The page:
The result is a book of some 450 pages with over 130 illustrations and copies of documents, detailing the events of the incident, the trial, and the lives of the accused men.
It looks at the effect that land enclosure and poverty was having on families at that time, not least being a rise in criminal behaviour.
And it follows their story through different prisons, Millbank, Portland and Dartmoor, with the most feared punishment of all, convict transportation to Australia.
But due to an ironical twist of fate they did not all end up there........
My interest in the story of the gang was initially aroused by the fact that my great-great-grandfather was arrested and tried at Bedford Assizes in 1849, believed to be part of that gang.
There were also appeals from the local farmers, intent on keeping the gang leader in prison!
All these gave such an insight into the characters that I felt they should be preserved for future generations as a record of social history of that time.
A wealth of information was found whilst searching records at the National Archives. There were appeals by members of the gang; notes written by the judge at the trial; letters to the convicts wife in Stanbridge, and to the local squire, Squire Brandreth in Houghton Regis, Bedfordshire.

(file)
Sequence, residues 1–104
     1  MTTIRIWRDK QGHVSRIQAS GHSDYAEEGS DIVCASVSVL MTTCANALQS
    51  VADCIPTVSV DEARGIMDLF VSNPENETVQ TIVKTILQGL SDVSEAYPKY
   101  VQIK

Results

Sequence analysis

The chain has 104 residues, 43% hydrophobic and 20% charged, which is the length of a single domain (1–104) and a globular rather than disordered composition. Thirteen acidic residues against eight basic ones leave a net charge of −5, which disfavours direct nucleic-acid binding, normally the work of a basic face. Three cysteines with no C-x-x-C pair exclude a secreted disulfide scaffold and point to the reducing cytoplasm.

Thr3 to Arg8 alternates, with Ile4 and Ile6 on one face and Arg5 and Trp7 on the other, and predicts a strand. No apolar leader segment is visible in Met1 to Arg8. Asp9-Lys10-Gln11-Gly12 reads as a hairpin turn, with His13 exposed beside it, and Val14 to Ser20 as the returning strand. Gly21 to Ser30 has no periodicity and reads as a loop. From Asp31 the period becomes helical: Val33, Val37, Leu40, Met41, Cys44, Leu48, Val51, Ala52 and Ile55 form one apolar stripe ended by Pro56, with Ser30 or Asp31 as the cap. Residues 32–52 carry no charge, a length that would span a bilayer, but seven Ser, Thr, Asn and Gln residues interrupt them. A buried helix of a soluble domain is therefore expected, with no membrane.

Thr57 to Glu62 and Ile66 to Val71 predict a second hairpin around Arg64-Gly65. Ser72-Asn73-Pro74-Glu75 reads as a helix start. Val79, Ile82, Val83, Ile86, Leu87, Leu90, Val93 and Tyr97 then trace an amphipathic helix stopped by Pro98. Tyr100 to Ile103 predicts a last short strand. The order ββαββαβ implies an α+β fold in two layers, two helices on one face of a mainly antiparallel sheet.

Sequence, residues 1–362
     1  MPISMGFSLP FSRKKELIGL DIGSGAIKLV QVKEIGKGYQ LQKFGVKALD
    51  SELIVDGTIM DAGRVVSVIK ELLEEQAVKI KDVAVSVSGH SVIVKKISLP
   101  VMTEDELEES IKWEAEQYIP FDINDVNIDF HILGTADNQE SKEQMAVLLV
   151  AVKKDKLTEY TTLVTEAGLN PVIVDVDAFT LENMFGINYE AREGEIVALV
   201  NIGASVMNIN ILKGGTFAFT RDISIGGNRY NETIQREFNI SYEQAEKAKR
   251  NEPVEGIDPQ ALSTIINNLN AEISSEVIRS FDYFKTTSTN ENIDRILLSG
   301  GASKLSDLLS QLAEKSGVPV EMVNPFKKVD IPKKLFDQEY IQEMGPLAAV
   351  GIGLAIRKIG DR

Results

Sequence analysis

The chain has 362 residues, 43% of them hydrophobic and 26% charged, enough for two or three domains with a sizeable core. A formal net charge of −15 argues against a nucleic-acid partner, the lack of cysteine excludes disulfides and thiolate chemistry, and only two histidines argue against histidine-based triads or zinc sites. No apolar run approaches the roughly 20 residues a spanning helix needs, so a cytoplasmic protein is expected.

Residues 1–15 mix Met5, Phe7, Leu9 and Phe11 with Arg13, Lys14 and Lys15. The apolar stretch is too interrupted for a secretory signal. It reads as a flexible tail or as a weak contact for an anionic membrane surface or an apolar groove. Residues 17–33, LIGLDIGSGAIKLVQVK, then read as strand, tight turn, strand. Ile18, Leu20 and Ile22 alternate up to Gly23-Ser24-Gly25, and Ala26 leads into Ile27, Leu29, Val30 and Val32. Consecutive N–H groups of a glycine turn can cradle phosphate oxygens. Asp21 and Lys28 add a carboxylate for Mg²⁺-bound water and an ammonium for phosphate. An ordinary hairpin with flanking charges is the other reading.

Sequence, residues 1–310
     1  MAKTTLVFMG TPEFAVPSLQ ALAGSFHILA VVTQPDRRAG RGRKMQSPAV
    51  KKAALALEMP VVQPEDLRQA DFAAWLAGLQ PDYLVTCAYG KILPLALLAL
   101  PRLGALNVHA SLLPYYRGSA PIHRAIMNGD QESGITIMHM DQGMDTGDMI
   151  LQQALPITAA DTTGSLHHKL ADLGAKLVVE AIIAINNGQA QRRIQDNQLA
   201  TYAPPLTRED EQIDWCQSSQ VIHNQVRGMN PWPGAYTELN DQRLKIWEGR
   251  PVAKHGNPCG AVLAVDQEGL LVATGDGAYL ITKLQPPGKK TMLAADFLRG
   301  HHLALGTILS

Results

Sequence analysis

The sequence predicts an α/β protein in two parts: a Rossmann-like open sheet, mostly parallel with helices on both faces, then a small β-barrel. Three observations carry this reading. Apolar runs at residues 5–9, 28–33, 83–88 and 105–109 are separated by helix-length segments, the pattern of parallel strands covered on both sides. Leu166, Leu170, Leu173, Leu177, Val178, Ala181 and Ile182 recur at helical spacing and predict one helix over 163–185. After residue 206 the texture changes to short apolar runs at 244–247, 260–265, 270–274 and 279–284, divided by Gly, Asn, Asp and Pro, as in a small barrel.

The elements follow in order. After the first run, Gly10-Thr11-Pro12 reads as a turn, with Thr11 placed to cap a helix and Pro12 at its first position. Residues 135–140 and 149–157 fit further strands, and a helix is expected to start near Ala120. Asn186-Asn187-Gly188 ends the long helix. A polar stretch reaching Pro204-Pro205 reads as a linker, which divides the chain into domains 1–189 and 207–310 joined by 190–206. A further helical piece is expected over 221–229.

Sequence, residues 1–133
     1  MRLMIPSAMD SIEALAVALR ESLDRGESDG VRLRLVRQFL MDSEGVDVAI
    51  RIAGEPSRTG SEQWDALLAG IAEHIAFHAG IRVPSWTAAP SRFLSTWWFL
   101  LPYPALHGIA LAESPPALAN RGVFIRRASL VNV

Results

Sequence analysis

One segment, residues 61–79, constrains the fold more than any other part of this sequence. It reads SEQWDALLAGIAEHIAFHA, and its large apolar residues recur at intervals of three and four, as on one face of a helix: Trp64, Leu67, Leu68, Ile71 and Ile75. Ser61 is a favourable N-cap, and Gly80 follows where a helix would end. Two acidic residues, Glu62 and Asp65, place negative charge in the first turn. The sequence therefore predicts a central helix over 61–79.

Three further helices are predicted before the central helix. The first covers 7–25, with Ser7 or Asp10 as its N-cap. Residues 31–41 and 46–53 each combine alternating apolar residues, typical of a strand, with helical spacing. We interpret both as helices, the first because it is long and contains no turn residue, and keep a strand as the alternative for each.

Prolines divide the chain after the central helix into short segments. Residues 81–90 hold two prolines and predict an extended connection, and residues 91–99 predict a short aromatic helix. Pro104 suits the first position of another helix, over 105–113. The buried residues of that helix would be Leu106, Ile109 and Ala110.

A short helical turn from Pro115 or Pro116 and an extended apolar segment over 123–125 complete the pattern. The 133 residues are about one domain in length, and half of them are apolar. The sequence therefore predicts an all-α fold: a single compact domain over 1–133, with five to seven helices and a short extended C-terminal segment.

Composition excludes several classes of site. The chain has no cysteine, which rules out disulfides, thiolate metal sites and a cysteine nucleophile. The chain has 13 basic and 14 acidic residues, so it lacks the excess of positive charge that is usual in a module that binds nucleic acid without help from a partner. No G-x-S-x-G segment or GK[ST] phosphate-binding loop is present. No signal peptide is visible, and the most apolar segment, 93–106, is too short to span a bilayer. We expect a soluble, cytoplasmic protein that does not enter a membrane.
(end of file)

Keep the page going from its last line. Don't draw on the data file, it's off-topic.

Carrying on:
The early part of the 19th century heralded a period of want and distress for the agricultural labourer and many were starving. In contrast the gentry had their estates swelled by acquisitions awarded in recent land enclosures.
One bitter night during 1849, landowners of Stanbridge in Bedfordshire, seeking to protect their property from a gang of petty thieves, detailed two police constables to watch the activities of a local man thought to be their ringleader. The bloody events of that night were to have disastrous consequences for many families.
This true story depicts the lives of the three men who were subsequently arrested for a crime which at that time could carry a sentence of transportation to Australia. It details their trial and the intervention by the squire, convinced that there had been a miscarriage of justice. Whilst examining the effect that poverty and land enclosure was having on local people, it poses the question - were the men victims or villains?
Selling Sparrows is a book about the life of labourers and their families in Victorian Britain and their struggles to survive in a system weighted heavily in favour of the rich.
It is about crime, criminal justice, penal colonies and the convict transportation system.